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Sunday, August 11, 2013

Washington U. Dean Syverud Tells ABA Task Force: Law Profs, Deans Are Paid Too Much; 50% Pay Cut Would Solve Problem

ABA Logo 2Following up on last week's post, ABA Task Force on the Future of Legal Education Releases Working Paper:  ABA Journal, Legal Ed Task Force Urged to Address Faculty Salaries, Federal Role and Core Competencies:

The Task Force on the Future of Legal Education got an earful of reaction Saturday to the findings of the working paper it issued earlier this month. Much of the response was favorable. But all eight of the people who spoke at the task force's last scheduled public hearing had specific suggestions for things they’d like the task force to include in its final report. Some examples: ...

Kent Syverud, chair of the council of the ABA Section of Legal Education and Admissions to the Bar, ...  offered some eye-opening observations of his own. Syverud urged the task force to take a “cheerful and positive tone” in its final report, saying the challenges facing legal education are “mild" compared to those our parents and grandparents faced.

"The future of legal education is bright," he said. He also pointed out that the accreditation standards are minimum standards, not maximum standards, which "leave incredible leeway for law schools to do innovative things."

In response to a question about what’s driving the costs of legal education, Syverud said that the focus on particular types of classes or faculty is a "red herring." "The painful truth is that the problem with costs is that law professors and deans are paid too much relative to the amount of work they do," he said. "The whole problem of costs would go away tomorrow if our salaries were halved."

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Comments

A couple comments:

1. The future of legal education is not bright. In fact, it is extremely dismal.

2. When law professors talk about making widespread changes to legal education, or allowing a wide variety of models of legal education to flourish, the entire profession loses credibility. Do you see major changes/variations in the way civil engineering or spinal surgery are taught? I hope not! What advocates for change/liberalization are really seeking is a curriculum that is suited to the less intellectually capable. What good does that do anybody?

4. Only some professors need a pay cut. The ones that actually confer significant value on their students are fine (Harvard, Yale, Chicago, etc.). The rest of the crowd belongs in the $80-$100K income bracket.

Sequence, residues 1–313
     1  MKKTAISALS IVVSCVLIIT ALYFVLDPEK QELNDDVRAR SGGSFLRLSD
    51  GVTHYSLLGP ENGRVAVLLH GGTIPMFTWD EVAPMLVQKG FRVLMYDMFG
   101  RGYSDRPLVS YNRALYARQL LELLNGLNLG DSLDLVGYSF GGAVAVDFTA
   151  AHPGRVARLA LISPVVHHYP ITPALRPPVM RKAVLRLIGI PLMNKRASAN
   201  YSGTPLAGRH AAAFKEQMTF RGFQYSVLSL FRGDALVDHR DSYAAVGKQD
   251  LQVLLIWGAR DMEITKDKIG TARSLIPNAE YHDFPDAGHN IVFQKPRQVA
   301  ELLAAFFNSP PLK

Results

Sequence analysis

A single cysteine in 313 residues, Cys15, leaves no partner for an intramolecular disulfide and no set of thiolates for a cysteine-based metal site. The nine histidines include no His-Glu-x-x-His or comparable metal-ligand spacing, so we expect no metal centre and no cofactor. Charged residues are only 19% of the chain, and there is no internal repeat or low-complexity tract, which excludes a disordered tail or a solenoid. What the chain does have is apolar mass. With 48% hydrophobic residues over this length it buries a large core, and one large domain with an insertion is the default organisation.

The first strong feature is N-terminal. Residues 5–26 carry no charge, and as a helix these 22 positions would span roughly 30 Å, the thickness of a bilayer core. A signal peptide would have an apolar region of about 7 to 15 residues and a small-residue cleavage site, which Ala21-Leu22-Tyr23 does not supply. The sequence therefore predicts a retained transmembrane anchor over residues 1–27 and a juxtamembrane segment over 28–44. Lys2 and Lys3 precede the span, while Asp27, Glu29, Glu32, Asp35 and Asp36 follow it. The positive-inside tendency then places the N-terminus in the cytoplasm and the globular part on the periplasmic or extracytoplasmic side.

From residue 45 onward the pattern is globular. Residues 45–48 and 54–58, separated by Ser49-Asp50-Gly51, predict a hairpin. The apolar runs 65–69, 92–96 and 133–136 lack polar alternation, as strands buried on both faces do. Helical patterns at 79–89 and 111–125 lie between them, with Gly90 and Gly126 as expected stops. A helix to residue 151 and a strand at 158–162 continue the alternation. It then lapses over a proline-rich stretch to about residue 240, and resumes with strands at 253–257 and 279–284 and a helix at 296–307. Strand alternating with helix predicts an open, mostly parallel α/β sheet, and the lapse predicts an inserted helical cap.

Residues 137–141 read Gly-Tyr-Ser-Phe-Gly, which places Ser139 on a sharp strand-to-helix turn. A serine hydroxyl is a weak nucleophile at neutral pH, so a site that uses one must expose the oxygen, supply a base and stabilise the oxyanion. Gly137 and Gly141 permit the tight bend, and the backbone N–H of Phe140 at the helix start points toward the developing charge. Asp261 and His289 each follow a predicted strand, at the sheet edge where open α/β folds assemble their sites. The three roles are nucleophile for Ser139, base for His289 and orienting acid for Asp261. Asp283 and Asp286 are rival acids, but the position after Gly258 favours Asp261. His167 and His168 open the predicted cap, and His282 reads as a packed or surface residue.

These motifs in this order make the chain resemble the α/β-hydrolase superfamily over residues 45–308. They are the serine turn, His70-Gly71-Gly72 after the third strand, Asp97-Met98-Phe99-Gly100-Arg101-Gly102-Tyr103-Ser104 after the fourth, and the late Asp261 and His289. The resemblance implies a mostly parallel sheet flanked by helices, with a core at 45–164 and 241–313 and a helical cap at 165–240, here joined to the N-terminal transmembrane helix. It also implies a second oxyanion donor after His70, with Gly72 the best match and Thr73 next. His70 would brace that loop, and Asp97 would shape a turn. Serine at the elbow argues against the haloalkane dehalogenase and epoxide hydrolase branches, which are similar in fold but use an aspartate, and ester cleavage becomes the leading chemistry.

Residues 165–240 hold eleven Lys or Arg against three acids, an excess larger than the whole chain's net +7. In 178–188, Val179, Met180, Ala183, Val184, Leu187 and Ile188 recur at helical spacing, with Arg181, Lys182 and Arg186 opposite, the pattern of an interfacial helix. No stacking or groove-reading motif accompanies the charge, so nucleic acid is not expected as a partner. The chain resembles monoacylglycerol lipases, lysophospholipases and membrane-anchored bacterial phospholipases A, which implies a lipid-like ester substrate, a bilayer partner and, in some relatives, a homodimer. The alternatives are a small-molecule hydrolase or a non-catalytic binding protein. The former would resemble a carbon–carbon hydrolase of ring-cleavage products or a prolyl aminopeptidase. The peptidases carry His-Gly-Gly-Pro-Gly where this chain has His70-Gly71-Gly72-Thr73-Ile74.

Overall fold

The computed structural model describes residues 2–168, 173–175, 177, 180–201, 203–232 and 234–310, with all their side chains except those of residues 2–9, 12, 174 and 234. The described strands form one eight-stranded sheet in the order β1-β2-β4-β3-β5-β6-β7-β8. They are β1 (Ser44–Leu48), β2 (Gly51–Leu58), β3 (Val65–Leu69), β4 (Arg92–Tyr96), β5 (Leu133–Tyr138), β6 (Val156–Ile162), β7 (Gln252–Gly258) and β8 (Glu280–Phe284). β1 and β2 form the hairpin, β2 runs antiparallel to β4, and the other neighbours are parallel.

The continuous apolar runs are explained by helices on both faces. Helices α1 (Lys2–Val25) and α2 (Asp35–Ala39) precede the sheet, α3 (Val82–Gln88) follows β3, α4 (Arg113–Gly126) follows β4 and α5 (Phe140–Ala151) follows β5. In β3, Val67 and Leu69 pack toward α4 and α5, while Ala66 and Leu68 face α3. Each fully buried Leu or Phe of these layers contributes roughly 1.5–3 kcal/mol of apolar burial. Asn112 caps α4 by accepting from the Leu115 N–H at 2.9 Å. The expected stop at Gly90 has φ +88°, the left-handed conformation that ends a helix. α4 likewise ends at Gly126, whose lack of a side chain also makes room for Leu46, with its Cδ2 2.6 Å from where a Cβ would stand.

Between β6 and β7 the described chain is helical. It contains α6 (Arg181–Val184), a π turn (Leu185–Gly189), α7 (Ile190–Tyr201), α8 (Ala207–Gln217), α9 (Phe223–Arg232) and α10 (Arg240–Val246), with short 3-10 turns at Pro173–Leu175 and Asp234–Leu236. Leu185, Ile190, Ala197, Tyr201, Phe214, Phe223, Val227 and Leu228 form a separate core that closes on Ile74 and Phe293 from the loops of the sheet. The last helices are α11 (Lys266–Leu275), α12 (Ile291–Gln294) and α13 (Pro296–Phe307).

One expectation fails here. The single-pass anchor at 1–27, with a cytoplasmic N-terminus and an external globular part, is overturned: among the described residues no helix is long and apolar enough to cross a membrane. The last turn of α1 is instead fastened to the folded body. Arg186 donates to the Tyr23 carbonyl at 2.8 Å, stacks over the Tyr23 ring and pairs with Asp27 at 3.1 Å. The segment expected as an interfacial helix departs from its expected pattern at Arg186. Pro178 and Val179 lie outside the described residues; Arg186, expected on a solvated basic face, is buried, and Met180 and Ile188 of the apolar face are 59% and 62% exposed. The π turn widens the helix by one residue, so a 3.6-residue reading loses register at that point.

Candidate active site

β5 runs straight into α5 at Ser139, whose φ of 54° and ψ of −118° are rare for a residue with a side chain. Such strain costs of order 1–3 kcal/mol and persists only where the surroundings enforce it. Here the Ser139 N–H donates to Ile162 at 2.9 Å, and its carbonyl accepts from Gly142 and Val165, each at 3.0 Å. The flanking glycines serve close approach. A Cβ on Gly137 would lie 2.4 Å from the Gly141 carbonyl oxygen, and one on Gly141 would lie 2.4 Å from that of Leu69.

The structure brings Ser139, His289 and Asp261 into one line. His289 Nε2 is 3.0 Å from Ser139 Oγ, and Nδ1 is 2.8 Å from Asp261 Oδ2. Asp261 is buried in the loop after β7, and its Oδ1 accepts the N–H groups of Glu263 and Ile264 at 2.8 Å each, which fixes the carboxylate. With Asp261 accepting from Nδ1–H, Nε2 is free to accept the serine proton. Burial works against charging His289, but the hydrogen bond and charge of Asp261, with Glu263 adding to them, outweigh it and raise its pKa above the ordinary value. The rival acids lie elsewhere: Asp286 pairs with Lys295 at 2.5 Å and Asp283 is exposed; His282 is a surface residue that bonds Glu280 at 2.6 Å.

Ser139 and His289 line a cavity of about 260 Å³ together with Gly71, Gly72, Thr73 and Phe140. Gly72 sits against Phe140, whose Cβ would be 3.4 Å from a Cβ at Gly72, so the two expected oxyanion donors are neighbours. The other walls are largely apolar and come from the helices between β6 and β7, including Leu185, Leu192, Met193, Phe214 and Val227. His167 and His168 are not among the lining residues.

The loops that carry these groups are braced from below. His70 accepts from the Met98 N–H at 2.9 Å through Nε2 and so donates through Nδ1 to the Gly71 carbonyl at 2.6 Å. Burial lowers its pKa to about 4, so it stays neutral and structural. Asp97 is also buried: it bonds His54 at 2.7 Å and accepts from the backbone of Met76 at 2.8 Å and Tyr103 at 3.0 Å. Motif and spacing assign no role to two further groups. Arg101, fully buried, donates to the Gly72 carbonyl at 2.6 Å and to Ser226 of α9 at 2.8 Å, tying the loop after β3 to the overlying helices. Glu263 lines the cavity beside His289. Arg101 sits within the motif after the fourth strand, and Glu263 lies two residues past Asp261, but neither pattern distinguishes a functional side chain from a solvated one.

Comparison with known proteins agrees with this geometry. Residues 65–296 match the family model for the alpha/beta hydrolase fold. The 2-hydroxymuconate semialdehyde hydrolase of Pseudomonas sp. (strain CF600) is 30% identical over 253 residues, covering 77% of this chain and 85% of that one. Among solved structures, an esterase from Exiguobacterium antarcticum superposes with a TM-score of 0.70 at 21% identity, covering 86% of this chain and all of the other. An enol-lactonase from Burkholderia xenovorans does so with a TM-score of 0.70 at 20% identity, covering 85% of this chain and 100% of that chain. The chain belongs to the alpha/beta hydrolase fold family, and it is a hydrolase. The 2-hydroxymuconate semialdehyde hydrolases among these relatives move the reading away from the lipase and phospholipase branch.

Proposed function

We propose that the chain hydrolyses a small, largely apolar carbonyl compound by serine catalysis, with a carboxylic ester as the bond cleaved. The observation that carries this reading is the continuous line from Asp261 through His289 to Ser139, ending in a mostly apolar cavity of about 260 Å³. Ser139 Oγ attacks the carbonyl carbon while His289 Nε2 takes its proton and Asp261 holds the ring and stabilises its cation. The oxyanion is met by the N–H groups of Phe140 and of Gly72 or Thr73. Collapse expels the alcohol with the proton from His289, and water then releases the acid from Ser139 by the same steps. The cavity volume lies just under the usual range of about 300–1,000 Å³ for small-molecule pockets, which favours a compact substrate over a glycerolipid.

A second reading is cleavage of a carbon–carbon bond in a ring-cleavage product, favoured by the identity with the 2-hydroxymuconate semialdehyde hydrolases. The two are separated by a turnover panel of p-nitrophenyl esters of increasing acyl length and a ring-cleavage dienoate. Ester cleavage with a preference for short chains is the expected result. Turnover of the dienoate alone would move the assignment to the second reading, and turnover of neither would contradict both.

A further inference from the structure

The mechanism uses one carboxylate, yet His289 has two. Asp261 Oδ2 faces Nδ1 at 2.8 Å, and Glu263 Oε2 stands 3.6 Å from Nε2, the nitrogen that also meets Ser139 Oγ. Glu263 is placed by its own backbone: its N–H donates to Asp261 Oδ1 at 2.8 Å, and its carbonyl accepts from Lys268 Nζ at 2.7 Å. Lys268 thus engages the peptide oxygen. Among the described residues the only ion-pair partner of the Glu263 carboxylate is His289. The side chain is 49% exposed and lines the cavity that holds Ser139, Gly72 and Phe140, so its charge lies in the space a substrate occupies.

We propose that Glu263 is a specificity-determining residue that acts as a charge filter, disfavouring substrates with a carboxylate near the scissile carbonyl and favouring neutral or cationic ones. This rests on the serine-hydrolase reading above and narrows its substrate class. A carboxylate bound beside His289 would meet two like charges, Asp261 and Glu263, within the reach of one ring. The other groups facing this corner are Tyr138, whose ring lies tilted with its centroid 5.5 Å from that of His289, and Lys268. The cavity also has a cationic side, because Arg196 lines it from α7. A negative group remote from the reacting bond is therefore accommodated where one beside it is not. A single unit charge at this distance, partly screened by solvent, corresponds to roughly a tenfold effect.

Posted by: JM | Aug 11, 2013 1:58:42 PM

How about firing the Deans, who created the problem,and leaving professors alone?

Posted by: michael livingston | Aug 12, 2013 6:24:35 AM

JM, I am not sure why you believe that the professors at Harvard, Yale, or Chicago actually confer value to their students. One could easily make the argument that value was conferred through the brand and the signal that sends to the market. I'm not convinced that instruction is better at Harvard than Boston College.

Posted by: HTA | Aug 12, 2013 10:07:33 AM

Michael L -- Deans are not tenured as deans and work pretty hard. When they leave a deanship, they often get an easier job as a professor. A lot of the deans who created the problem are now professors.

Posted by: To Michael | Aug 12, 2013 10:19:10 AM

HTA - That is essentially what I meant. They work at institutions that confer value to students.

Posted by: JM | Aug 12, 2013 1:32:38 PM

Deans are frequently, indeed most frequently, hired as deans on the condition that they become tenured professors on retirement. But if your suggestion is to fire the people who used to be deans, that is fine with me too!

Posted by: michael livingston | Aug 12, 2013 3:51:53 PM

Strangely enough, Mr. Syverud failed to call for administrators to have their salaries cut - but I'm sure that was just an oversight.

Posted by: ChicagoRefugee | Aug 12, 2013 6:23:52 PM

I'm neither a lawyer nor a professor, but it seems to me that the legal "profession" is facing a crisis it does not want to acknowledge - much like any other profession which has negotiated a similar maelstrom. Value for work is going to be negotiated downward - as is true for any other "expert" profession. Whoever realizes this first and adapts is going to win; whoever doesn't will lose.

Posted by: Charles | Aug 12, 2013 7:23:14 PM